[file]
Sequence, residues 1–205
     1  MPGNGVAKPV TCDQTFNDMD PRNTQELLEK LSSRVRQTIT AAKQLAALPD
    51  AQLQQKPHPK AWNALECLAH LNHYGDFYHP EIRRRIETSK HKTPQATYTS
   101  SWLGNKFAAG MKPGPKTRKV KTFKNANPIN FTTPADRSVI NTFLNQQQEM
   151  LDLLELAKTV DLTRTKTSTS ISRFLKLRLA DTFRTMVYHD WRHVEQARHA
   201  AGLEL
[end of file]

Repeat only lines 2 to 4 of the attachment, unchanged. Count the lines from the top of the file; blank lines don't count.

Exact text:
     1  MPGNGVAKPV TCDQTFNDMD PRNTQELLEK LSSRVRQTIT AAKQLAALPD
    51  AQLQQKPHPK AWNALECLAH LNHYGDFYHP EIRRRIETSK HKTPQATYTS
   101  SWLGNKFAAG MKPGPKTRKV KTFKNANPIN FTTPADRSVI NTFLNQQQEM